I first read Little Women as a middle grader, as so many American girls did and probably still do. As a girl growing up with two brothers and no sisters, I wanted to be part of that all-female household. And like many other readers, I identified strongly with bookish, opinionated, spiky Jo. She was a role model, an independent intellectual who helped to support her family with her own writing. And like an enormous number of readers (as a quick search of the internet tells me), I couldn’t stand Professor Bhaer—or, as I called him, “the old professor guy.” Like many of my fellow readers, I never forgave Alcott for marrying Jo to him instead of lovely Laurie next door, and I don’t know that I ever even forgave Amy for landing him.
Rereading Little Women as an adult with rather more care than I did as a kid, I found more reason to detest the old professor guy—his paternalistic attitude toward Jo and her writing is frankly repulsive. He prudishly disapproves of thrilling tales like the ones she writes to support herself and her family, convincing her that “They are trash,” work to be “horribly ashamed of.” And she burns her writing. Oh, Jo.
So although Alcott wrote a gloriously feminine book, a book that honored the interior lives of girls and women, a book that exalted sisterhood, it was not a feminist one.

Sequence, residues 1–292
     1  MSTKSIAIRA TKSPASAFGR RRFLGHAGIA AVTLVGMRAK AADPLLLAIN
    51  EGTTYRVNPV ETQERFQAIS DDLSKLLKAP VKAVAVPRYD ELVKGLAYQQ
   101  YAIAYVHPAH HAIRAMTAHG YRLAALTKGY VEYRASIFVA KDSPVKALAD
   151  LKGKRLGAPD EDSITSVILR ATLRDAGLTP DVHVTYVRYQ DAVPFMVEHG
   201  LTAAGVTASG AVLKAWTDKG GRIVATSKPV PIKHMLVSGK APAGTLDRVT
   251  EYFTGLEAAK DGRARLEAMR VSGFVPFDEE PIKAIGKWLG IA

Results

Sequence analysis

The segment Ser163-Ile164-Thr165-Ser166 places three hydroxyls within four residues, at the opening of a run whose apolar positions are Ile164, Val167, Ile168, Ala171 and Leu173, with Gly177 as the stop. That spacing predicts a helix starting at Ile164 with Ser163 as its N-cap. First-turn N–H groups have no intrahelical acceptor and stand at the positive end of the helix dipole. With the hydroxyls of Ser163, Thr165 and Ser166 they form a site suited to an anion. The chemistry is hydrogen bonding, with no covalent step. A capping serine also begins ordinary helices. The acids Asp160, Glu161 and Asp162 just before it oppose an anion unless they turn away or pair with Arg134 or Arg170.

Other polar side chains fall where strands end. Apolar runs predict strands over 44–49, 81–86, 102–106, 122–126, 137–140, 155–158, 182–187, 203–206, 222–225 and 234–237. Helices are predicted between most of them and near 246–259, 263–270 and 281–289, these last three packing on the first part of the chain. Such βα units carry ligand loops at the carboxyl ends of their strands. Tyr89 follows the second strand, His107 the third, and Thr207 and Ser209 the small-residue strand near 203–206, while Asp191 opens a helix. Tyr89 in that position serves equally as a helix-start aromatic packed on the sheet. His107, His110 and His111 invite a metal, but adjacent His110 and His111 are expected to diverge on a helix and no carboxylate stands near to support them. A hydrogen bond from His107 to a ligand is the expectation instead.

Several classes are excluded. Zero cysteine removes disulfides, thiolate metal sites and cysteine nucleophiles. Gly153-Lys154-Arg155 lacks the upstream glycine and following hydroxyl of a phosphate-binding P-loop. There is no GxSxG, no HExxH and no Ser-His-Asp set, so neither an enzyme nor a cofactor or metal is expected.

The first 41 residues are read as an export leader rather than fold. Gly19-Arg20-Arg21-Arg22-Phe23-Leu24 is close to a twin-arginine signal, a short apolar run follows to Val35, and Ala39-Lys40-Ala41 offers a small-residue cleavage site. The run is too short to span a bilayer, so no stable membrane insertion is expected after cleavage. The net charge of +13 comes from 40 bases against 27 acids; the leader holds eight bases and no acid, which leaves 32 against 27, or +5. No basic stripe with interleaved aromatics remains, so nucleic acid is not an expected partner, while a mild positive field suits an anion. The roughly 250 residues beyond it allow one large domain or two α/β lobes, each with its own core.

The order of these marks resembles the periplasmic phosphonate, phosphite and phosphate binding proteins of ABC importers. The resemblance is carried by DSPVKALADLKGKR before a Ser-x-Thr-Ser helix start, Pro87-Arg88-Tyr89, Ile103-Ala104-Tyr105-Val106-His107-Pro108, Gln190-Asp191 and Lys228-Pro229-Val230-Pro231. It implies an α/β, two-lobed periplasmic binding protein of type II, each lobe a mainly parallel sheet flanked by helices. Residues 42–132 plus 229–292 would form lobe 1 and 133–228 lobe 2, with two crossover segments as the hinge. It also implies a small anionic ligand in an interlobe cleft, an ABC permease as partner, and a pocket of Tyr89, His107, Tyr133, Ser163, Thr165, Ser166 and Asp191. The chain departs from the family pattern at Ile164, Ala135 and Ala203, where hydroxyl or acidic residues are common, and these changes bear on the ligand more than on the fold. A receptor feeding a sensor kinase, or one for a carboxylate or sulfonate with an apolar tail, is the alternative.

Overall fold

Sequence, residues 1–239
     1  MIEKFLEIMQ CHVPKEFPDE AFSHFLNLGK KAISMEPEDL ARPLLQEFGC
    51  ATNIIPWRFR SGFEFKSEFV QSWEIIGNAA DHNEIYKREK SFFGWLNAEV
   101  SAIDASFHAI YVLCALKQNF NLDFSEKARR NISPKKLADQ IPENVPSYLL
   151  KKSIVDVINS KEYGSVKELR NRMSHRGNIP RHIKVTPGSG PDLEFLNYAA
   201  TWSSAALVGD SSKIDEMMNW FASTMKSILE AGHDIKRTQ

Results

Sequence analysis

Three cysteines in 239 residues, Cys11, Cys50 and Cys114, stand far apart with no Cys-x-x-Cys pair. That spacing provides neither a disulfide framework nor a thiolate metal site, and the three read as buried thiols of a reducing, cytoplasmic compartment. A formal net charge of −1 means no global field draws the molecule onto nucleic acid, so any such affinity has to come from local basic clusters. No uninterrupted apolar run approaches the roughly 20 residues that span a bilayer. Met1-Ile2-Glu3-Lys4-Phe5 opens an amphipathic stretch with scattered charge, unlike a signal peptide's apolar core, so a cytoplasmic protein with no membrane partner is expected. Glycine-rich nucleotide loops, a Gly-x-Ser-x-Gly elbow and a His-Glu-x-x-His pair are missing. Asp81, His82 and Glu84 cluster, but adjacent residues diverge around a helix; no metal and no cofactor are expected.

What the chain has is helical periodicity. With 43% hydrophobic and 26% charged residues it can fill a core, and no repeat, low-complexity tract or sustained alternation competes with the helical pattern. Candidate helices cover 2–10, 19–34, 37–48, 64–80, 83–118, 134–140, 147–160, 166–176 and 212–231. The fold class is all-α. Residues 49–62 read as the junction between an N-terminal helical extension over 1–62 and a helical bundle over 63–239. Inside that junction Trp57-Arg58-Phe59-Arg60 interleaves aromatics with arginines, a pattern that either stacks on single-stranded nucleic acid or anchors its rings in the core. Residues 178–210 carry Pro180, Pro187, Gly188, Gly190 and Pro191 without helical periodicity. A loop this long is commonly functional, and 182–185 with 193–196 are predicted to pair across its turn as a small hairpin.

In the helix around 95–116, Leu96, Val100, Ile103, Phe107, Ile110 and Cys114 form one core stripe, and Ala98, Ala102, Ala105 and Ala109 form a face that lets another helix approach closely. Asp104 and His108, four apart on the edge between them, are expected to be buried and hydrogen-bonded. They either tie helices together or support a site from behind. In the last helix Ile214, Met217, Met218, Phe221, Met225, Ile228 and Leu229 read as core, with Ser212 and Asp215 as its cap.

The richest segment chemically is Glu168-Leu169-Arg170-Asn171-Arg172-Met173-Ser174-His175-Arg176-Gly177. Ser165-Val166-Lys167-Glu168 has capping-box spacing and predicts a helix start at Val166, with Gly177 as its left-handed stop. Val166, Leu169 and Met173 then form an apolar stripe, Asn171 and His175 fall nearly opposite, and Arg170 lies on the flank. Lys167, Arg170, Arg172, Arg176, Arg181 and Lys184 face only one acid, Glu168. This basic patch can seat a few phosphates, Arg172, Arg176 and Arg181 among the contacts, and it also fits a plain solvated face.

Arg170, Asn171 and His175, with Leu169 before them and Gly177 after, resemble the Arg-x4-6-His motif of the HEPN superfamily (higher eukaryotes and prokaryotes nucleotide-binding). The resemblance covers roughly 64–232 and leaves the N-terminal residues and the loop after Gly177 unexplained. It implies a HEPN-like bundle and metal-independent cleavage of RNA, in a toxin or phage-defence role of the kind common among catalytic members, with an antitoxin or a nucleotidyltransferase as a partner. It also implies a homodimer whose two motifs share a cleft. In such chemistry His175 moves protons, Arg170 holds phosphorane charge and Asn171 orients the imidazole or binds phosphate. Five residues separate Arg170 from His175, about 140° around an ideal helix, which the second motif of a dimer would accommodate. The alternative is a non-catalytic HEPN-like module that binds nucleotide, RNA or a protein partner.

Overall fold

And that’s what makes me so delighted with Rey Terciero and Bre Indigo’s Meg, Jo, Beth, and Amy, a graphic novel set in modern-day New York City: It gets the emotional beats of Alcott’s classic just right without betraying Jo. The girls are thoroughly modern, Meg (who’s black) and Jo (who’s white) brought together by their parents’ interracial marriage and joined by biracial Beth and Amy. Meg loves fashion and hates her family’s poverty; Beth is sweet but not insipid, a budding musician; brash Amy is both a talented artist and an avid gamer. And Jo is blazingly smart, thrilled to get a copy of Beloved for Christmas.
Lovers of the Alcott original will find the changes from her classic ingenious.The girls’ father is deployed in the Middle East and suffers an all-too-modern combat injury. The girls and their mother bond over wholesome yet contemporary comforts: sharing woes over spoonfuls of ice cream straight from the carton and bundling into Mom’s bed for a family double feature of Titanic and Love, Actually. The episode when Amy takes revenge on Jo for ignoring her by destroying a story resolves when she is almost hit by a bus instead of almost drowning while skating. And when Beth gets sick (leukemia instead of scarlet fever)—well, don’t read this in public.
I confess it made me nervous, its translation to the modern setting so emotionally faithful. What were they going to do about Jo? Would she fall for best friend Laurie (here the orphaned grandson of the Marches’ fabulously wealthy Latinx neighbor)? Would she fall for one of her teachers? Ick. But Terciero boldly departs from the Alcott template to give Jo’s storyline a perfect resolution and to give readers a feminist protagonist to cheer.
Take that, old professor guy.
Vicky Smith is the children’s editor.